Santa Cruz native among seven Californians charged in $150 million COVID aid fraud scheme

The United States District Court, Northern District of California, in San Francisco.
(Via Google Maps)

The Justice Department alleges that Jaimi Jansen of Santa Cruz helped to distribute a fake COVID cure and fake vaccination cards; she was charged with making false statements related to health care.

A Santa Cruz native was among 21 people, including seven Californians, arrested earlier this week for alleged COVID-19 aid fraud totaling nearly $150 million.

Jaimi Jansen, 40, was charged with making false statements related to health care. She is accused of helping distribute fake cure and fake vaccination cards; Juli Mazi, the woman at the center of that scheme, pleaded guilty on April 6 to wire fraud and making false statements related to health care.

Per a bio on its site, Jansen is CEO and founder of Santa Cruz Core Fitness + Rehab, which has locations in Santa Cruz and Watsonville.

The Justice Department announced the arrests Wednesday, with those charged in the investigation including medical business owners and executives, physicians and marketers, as well as multiple alleged manufacturers of fake COVID-19 vaccination cards. The individuals were arrested in California, Florida, Maryland, New Jersey, New York, Tennessee, Utah and Washington.

The Justice Department said it has reclaimed $8 million so far.

“Throughout the pandemic, we have seen trusted medical professionals orchestrate and carry out egregious crimes against their patients all for financial gain,” said Assistant Director Luis Quesada of the FBI’s Criminal Investigative Division in a statement. “These health care fraud abuses erode the integrity and trust patients have with those in the health care industry, particularly during a vulnerable and worrisome time for many individuals.”

Jaimi Jansen in a screengrab from her bio page on Santa Cruz Core Fitness + Rehab's website.

Jansen and Mazi were charged in the Northern District of California. Along with Jason Costanza, 46, of El Campo, Texas, and pharmacist Ranna Shamiya, 41, of Ukiah, they were accused in the same scheme to offer fake cures for COVID-19 known as homeoprophylaxis immunizations and distribute fake COVID-19 vaccination record cards.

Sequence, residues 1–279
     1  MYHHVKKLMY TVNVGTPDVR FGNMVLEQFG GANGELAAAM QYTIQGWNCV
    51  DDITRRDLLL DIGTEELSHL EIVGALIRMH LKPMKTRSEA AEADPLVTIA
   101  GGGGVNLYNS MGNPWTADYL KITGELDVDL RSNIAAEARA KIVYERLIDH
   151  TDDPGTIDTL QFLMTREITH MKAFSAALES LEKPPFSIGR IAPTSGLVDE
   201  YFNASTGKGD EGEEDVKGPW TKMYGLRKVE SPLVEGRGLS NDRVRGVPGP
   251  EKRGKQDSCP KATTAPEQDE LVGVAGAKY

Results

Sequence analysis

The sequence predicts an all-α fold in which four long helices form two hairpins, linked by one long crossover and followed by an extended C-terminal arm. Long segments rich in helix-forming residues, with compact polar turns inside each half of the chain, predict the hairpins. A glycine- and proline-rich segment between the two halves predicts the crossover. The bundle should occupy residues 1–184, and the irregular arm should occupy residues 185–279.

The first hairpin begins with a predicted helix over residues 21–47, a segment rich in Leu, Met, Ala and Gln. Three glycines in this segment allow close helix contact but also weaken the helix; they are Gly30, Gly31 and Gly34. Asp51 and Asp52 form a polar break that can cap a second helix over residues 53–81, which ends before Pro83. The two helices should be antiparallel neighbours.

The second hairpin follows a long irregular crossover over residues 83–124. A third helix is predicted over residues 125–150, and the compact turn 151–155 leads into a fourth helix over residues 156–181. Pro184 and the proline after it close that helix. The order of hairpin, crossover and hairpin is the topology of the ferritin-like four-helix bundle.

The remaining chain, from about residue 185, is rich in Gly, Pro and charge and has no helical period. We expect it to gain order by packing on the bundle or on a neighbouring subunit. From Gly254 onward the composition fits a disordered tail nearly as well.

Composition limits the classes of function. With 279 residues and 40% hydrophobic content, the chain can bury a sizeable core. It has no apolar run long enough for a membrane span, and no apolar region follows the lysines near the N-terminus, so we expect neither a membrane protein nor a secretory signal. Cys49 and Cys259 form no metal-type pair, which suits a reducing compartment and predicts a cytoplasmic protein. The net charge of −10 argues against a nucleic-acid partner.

Citing federal charging documents, the San Francisco Chronicle reported that Jansen and Mazi agreed in May 2021 to sell fake pellets and procure falsified vaccination cards to clients. Jansen is alleged to have paid Mazi, a licensed naturopathic doctor from Napa, “on behalf of the customers but charged the customers a higher price than she paid Mazi in order to make a personal profit.”

Jansen is alleged to have taken in around $14,000, the Chronicle reported.

Shamiya was charged with making false statements related to health care and is accused of providing Mazi with legitimate lot numbers for Food and Drug Administration-authorized COVID-19 vaccines to be used for fake vaccination records. Court records did not list attorneys for Jansen or Shamiya as of Wednesday.

Per the Chronicle, Jansen and Shamiya could face up to five years in prison, a fine of $250,000 and three years of supervised release if convicted.

In the Central District of California, two owners of a clinical laboratory, Imran Shams, 63, and Lourdes Navarro, 63, both of Glendale, have been charged with a scheme aimed at defrauding Medicare of over $214 million for laboratory tests, including more than $125 million in false and fraudulent claims during the pandemic for COVID-19 and respiratory pathogen tests. No pleas have yet been entered in the case. Navarro’s attorney declined to comment. Shams’ charges do not yet appear in the federal court records, and it was unclear whether he had an attorney.

Artur Chanchikyan, 54, of Los Angeles, is also being charged in the Central District with wire fraud, theft of government property, and money laundering offenses in connection with an alleged scheme to defraud the United States of approximately $345,000 in COVID-19 relief funds. Chanchikyan’s charges also do not yet appear yet in federal court records, and it was unclear whether he had an attorney.

This story originally appeared in Los Angeles Times.

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